Intellectual Property is as powerful as any chilli in the recipe for making a mobile phone. All major manufacturers reward staff highly for getting patents. Get enough at Motorola and, like the good burghers of McDonalds you get a gold badge.
Phones are so full of patented ideas, from the way one part is connected to another, to features and designs, it becomes impossible to search them all. Indeed the only way engineers avoid stepping on existing patents is if they go to patent an idea themselves and find that someone was beaten them to it.
Those that have been at it for twenty or thirty years naturally have a lot more patents than newcomers to the market but pretty much everyone can look at a rival phone and find something that they hold intellectual property on.
This made all the players insecure in the knowledge that if they took any action on their rivals they would see a retaliatory suit faster than a politician filing his expenses. So no-one took the nuclear option. Samsung didn’t look too hard at the Nokia 6700 and Nokia ignored anything they might have on the Motorola Razr.
But the new kids in the playground don’t understand the rules and they have started picking on the bigger boys. They, and yes, I’m particularly thinking of Apple here, have got so used to thinking that they are top dogs, they’ve re-written the rules, they can start asserting their ‘rights’. They are going to get very badly burned.
The worst thing that could happen is an injunction.
Phones, if you’ll pardon the Apple analogy, are like fruit. They have a shelf life, if you don’t sell them when in time you have to throw them away. From launch to end of life is typically eighteen months but they are only fresh for the first six. You can add preservatives in the form of software updates, colour refreshes and bundles, but price tumbles. Just as I follow the girl with the pricing gun around Waitrose on a Sunday night, knowing she is going to mark goods down, the operators buy phones on a price curve. There is the exclusive and just launched price, then the three month price and so on. Manufacturers have to get the volume up early to reduce costs and keep a margin.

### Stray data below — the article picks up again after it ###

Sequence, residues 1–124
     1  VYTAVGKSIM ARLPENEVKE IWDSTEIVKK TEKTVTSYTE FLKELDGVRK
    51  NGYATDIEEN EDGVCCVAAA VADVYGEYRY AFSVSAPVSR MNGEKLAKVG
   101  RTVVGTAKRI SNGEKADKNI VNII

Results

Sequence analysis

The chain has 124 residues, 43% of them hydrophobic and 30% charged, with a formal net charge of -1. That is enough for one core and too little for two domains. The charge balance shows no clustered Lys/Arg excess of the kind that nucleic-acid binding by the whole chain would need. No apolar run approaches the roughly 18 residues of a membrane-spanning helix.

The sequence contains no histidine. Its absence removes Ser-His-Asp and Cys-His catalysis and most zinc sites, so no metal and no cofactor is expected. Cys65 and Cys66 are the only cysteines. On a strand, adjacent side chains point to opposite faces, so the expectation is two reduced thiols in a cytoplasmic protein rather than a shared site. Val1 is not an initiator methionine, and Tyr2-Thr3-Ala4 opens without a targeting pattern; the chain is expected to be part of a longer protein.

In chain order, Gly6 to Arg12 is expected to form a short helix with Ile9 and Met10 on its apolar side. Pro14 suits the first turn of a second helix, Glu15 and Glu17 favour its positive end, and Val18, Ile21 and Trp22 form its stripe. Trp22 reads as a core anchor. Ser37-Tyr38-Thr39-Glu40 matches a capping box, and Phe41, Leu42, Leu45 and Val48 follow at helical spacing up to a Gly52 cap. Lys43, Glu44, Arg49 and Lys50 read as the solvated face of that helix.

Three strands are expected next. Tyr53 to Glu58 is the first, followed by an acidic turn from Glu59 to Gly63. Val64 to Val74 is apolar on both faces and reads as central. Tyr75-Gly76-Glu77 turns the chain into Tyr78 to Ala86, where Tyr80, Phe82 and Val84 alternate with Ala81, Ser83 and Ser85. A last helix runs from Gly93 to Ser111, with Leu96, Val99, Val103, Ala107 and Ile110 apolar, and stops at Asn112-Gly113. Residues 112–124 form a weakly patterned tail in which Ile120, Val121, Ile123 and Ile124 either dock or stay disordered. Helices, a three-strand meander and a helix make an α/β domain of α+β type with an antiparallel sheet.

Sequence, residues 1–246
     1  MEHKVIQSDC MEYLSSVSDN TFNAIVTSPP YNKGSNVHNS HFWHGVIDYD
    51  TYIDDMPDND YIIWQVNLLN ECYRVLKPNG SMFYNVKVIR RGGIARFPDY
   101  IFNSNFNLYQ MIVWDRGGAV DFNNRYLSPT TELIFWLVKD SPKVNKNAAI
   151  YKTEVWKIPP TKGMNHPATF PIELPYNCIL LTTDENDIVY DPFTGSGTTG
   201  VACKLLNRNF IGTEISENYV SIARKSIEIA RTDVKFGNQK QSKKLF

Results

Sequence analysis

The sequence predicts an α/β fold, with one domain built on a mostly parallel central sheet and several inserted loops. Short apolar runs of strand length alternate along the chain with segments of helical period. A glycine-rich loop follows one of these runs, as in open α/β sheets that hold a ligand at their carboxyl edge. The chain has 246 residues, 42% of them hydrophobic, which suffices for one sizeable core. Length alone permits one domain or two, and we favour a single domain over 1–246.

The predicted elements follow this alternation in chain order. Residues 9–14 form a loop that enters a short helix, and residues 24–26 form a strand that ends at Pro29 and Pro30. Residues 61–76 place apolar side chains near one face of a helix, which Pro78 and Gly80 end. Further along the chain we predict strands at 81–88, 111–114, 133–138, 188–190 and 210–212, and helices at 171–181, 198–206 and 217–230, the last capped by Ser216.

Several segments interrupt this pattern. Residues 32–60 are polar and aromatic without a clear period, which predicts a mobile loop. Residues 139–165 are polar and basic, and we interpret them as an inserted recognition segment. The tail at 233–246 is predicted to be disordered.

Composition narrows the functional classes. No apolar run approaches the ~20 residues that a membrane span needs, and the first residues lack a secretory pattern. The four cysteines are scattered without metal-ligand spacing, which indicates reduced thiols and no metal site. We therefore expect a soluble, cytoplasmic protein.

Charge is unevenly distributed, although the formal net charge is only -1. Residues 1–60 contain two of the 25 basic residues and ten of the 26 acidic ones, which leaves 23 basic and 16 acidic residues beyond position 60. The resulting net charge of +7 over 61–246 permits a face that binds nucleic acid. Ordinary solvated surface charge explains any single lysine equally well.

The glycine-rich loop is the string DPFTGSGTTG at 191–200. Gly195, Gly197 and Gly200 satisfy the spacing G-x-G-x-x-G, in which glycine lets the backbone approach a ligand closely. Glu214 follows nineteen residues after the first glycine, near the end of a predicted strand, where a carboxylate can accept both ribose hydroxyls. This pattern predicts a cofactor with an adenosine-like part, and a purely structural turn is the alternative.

Judges don’t understand this. If one manufacturer approaches a court and says “the people over there in America/Finland/Korea have stolen our intellectual property, we can’t let them sell here”, a judge may very well grant a temporary injunction until the matter is resolved. Lost sales of a week have repercussions that could drop a phone from hugely profitable to hugely loss-making. It’s impossible to prove what would have happened without the injunction but likely to be very much greater than just the figures for a lost week of sales.
So those that are playing the IP war game are entering into an extremely dangerous space. It is potentially company-crushing, and the companies with the biggest weapon stocks are those where they have the largest patent portfolios.
Taking on the heavily armed gold badge holders might prove to be a mistake the new boys will regret.
Cat Keynes publishes her thoughts on the mobile phone industry every Sunday at www.catkeynes.com. Follow me on Twitter here.
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